2006: Lots Of Partying At Sundance

Actress Jennifer Aniston exits the W Las Vegas Residences Lounge at the Village at the Lift on Main Street during the 2006 Sundance Film Festival January 21, 2006 in Park City, Utah. GETTY

If Groucho Marx were at the Sundance Film Festival, he might be moved to say: "I wouldn't want to attend any party that would have me as a guest."

Park City is a place where publicists say that everyone invited to the plethora of parties is a VIP. But those in the know understand that VIP in this case means "Variety of Invited People."

The real VIPs are kept far away from the masses, ushered by security directly to a private area, while celebrity watchers and other often-unrecognizable folks are forced to wait outside in the cold for at least an hour, in the hope they might get inside to check out the hip and famous.

Despite the high number of parties that take place during the 11 days of the festival, the majority of them with celebrity access - mostly tossed by the movie companies - are small and exclusive. The larger parties, each generally with a combination of sponsors, allow for a little more room on the guest list.

Hitting a party at the film festival is all about who you are or who you know, but those who make it in can glimpse stars, sip free beverages and sometimes see a good show.

Monday night's MySpace.com/GenArt party was just such an occasion and featured a floor-shaking performance by the Beastie Boys.

According to organizers, 1,200 people were invited to the party. Invitees to major parties at the festival are generally a mix of entertainment industry and media people and whomever else organizers are able to get "on the list." Of course, big names are invited too, but they don't have to cool their heels outside where there are countless photographers eager for a moneymaking shot.

Maggie Gyllenhaal, Peter Sarsgaard and Gina Gershon were among stars attending the MySpace party at Park City Mountain Resort's Legacy Lodge. But all notables were shepherded from a press photo area to the exclusive top level of the room, which looked down on the stage.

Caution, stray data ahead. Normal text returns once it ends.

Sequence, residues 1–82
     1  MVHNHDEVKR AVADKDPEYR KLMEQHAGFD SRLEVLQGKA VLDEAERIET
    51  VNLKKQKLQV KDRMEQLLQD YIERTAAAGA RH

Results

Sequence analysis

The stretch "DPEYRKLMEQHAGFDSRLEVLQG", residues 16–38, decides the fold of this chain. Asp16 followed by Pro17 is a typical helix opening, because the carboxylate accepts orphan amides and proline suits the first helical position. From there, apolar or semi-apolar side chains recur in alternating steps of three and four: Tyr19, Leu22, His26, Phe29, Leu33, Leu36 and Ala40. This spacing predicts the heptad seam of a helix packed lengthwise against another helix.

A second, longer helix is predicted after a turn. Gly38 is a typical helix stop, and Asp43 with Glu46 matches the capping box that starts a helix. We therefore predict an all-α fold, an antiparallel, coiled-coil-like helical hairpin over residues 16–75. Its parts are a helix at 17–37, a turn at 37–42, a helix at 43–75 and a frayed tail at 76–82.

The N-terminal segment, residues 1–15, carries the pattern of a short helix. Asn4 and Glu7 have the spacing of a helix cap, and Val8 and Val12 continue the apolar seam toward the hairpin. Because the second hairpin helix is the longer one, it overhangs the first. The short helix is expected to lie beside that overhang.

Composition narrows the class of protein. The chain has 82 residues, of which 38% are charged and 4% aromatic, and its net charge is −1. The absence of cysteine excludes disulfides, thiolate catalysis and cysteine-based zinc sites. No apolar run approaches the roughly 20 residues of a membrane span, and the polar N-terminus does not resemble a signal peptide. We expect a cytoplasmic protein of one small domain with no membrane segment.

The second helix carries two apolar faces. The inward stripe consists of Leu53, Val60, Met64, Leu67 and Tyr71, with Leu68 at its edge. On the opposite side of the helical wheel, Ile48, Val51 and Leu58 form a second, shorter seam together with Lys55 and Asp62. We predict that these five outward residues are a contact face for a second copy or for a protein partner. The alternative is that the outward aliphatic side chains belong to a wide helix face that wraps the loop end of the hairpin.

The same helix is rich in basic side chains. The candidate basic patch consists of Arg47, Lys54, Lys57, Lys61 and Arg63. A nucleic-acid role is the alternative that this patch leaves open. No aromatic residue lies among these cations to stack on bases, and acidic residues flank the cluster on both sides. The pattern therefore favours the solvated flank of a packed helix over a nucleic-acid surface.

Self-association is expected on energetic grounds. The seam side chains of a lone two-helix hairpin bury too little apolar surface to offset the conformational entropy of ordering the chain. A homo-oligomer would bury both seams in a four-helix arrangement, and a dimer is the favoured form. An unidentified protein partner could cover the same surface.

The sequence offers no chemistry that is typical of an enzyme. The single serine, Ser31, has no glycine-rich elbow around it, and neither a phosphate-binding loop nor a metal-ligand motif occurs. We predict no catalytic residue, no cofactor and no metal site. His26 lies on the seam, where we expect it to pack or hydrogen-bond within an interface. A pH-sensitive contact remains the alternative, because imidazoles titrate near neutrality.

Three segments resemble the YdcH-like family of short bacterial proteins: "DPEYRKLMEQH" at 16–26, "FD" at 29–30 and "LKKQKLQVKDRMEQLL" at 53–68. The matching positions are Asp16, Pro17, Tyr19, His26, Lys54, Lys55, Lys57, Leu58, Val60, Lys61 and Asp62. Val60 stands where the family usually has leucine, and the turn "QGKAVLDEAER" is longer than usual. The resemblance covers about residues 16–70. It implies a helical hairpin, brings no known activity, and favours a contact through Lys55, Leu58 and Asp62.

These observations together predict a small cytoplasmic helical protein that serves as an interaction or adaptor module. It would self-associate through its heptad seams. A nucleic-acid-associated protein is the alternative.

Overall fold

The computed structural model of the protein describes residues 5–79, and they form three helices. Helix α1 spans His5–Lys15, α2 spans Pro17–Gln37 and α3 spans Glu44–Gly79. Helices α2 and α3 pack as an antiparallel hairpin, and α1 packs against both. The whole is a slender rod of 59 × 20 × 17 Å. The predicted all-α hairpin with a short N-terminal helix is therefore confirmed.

In an hour-long set, the Beastie Boys and DJ Mix Master Mike powered through 12 songs and a one-song encore. An enthusiastic mob gathered around the stage jumping up and down so hard the floor of the room, which is probably usually used for meetings and company retreats, was shaking violently. The show was a success, especially when you consider that it's not uncommon at Sundance parties for a major artist to be performing before a crowd of industry-types more interested in networking than listening to the music.

That's been the case on more than one occasion over the years at Harry O's, the largest club in Park City, which serves as a hub for Sundance parties.

The first five days of this year's festival, Blender Magazine transformed the space to resemble Tao Nightclub, a Las Vegas club in the Venetian Hotel.

Blender's parties have been a staple at the festival for the past four years and have featured performances by Beck, Snoop Dogg and Liz Phair.

This year, each of the five nights of parties the magazine presented were hosted by a big name: actor Gael Garcia Bernal, socialite Paris Hilton and actor Wilmer Valderama, to name a few. Musical performances included Metal Skool, Broken Social Scene and reggae artist Damien Marley.

"We want to do it differently every year and keep it new and fresh," said William Gaseperoni, Blender's marketing director. "Last year was Snoop Dogg. This year was Damien Marley and next year we'll look for the right theme and who's hip."

The Blender parties are invitation only. Gyllenhaal, rocker-turned-reality-TV-star Tommy Lee and Nick Nolte were among those who partied in Blender party's VIP section — also located upstairs in the club.

Planning for next year's events will begin almost immediately, Gaseperoni said.
By Debbie Hummel
  • Bootie Cosgrove-Mather

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